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Aug25TuePoverty doesn't take a vacation. August 25, 2015 by Major Kathie Chiu
As I sit by the water, listening to the birds and feeling the warm breeze off the ocean, I lose myself in the rhythm and melody of nature. I know there are people around, but they seem distant. For this moment, I'm at peace … until I hear the sounds of children returning to the trailer, hungry after running around, beachcombing and building forts all day.
- Filed Under:
- Opinion & Critical Thought
Summer is vacation time for many people. They save all year for their little piece of summer fun, leaving the city and the pressures of life. No alarm clocks, no deadlines, no traffic jams—just relaxing in the sun, letting the rest of the world fade away.
But not everyone will have the privilege of a vacation this year. More than five million people in Canada live below the low-income cut-off line. They may work at low-paying, casual jobs. Or perhaps they'll be sleeping in one of the many shelters in cities across our country.
Canada is not doing well when it comes to poverty, especially for children. More than one in seven children live in poverty in Canada. According to the Conference Board of Canada, we rank 15th out of 17 peer countries and have a “C” rating. When children experience poverty, they are at greater risk of suffering health problems, developmental delays and behaviour disorders. They have lower levels of education and often end up like their parents—living in poverty.
I'm not sure what our government is doing to address this problem, but a child poverty rate of 15 percent is unacceptable. Nordic countries, which have the lowest levels of poverty, have policies that are very simple to implement. We have the ability to make a difference. We could raise our minimum wage, ensure adequate income assistance for families, create a strong daycare program, and strengthen education and health initiatives. But we seem unable to grasp the relationship between social spending and poverty.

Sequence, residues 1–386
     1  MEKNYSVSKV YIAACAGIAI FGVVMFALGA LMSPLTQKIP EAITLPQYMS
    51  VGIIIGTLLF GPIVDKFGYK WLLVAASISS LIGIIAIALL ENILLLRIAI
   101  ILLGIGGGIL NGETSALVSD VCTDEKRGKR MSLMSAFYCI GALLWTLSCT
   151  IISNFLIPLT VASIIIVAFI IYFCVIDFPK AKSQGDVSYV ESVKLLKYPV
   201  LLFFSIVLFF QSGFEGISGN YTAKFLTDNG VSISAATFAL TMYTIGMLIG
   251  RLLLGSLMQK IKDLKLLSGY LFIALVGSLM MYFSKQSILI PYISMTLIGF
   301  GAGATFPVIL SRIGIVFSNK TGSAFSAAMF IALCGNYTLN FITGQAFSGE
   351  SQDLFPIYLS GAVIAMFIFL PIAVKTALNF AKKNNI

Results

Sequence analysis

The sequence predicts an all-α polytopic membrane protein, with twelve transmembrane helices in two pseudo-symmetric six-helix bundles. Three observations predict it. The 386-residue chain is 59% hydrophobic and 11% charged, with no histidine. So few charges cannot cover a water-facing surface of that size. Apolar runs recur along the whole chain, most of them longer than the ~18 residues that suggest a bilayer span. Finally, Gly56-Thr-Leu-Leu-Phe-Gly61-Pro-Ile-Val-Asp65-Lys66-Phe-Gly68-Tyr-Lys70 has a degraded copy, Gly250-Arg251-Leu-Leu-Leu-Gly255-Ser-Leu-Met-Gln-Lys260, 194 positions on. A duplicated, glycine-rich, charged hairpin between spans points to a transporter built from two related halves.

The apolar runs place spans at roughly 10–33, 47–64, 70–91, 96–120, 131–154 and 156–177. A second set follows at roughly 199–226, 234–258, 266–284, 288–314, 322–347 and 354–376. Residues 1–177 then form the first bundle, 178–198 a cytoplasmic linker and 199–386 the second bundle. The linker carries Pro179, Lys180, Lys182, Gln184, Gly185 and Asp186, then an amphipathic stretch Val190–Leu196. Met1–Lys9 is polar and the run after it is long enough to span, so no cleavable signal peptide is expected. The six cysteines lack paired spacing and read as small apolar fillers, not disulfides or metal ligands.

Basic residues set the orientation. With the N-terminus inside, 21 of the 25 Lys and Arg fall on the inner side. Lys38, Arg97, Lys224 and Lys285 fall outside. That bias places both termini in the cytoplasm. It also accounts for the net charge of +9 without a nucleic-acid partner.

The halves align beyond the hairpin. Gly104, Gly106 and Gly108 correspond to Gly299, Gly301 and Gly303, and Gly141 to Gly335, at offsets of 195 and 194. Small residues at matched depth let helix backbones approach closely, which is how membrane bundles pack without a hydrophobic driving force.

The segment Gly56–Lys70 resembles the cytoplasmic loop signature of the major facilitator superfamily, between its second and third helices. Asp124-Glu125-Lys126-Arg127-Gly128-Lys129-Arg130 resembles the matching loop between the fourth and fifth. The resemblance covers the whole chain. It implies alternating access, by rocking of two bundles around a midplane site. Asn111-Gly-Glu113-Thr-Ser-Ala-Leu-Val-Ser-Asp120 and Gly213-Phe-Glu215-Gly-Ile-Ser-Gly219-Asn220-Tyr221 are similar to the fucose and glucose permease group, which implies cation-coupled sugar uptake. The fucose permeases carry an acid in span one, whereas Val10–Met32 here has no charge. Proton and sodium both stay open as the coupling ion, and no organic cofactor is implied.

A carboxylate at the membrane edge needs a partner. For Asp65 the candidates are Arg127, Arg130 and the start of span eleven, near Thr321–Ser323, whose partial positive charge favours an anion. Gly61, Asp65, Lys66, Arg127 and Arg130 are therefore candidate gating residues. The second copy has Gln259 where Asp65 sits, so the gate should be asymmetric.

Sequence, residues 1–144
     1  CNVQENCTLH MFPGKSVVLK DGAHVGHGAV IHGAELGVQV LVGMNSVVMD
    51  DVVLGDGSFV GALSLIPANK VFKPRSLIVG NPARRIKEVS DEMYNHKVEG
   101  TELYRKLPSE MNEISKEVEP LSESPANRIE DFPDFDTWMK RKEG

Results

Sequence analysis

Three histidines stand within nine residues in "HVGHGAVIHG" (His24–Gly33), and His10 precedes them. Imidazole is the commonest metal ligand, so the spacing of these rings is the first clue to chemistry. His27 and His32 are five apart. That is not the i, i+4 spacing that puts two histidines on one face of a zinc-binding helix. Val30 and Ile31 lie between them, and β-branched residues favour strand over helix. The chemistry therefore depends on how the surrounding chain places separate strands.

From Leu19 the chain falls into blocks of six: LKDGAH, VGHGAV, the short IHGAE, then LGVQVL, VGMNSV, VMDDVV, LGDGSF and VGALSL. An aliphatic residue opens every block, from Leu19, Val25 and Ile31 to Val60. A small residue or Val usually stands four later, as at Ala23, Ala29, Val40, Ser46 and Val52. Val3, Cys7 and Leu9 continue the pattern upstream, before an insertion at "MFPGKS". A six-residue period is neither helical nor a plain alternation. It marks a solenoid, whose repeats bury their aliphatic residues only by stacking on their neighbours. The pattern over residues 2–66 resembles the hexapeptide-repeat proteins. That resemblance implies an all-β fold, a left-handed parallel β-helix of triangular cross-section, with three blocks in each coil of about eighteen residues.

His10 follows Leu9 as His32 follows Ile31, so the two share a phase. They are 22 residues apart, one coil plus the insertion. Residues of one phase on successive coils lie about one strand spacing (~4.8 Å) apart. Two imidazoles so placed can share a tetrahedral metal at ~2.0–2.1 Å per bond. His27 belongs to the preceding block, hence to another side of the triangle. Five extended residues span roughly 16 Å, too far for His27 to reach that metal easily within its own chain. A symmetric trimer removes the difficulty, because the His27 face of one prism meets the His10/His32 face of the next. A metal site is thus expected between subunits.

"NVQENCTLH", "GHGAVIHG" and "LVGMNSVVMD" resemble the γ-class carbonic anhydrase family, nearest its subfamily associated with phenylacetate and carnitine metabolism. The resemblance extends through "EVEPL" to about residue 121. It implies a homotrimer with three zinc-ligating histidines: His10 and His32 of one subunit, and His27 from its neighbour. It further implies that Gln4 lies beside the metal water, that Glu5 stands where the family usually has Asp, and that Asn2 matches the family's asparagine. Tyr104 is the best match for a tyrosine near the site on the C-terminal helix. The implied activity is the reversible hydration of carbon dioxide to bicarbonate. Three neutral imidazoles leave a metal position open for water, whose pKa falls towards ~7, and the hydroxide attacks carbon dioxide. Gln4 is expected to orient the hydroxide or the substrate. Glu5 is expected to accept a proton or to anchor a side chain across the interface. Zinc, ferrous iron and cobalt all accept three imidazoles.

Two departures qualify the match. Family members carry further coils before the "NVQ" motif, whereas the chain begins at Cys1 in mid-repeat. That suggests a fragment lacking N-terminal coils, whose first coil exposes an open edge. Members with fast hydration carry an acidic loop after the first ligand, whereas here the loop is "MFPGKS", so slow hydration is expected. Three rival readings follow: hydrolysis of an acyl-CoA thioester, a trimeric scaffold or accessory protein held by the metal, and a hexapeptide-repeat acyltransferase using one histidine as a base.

We Are the Difference
I'm often at a loss when I talk about this subject with my family. However, I am convinced there is something we can do. I love the Michael Jackson song Man in the Mirror—I think it encompasses what can make the difference in this world, especially with the ever-increasing gap between the rich and the poor. We are the difference. We need to change our lives.
As Christians, we are no longer our own; we belong to Christ. “So then, if anyone is in Christ, that person is part of the new creation. The old things have gone away, and look, new things have arrived!” (2 Corinthians 5:17 CEB). God has a heart for the poor. I love the Salvation Army ad that says: “When wi-fi hot spots are everywhere, no one should be searching for a hot meal.” It's time to end poverty in Canada.
So what can I do to make a difference?
1. I can learn about the issue and teach my children about it. Poverty in Canada is a significant burden on the economy. Housing is ridiculously priced, especially in our larger cities. There are often no regulations in place to protect people from being priced out of a place to call home.
2. I can advocate for the poor. I can write or speak to my member of Parliament or provincial legislature. I can talk about the issue with my friends. I can share things on Facebook that ask people to fight poverty by getting involved. I can vote for change.
3. I can donate money to a worthy organization that helps the poor. I can get my children involved in a fundraiser for a local food bank or soup kitchen. If I don't have enough money, my children and I can donate our time to help prepare a meal in a soup kitchen or sort through donations.
4. I can reach out a hand to help people in my church or community who are struggling. I can babysit for a single mom. I can drive someone without a car to an appointment. I can invite a family into my home and share a meal with them.
There's a lot I can do to make a difference. The only barrier to change is me.
Major Kathie Chiu is the corps officer at Richmond Community Church, B.C.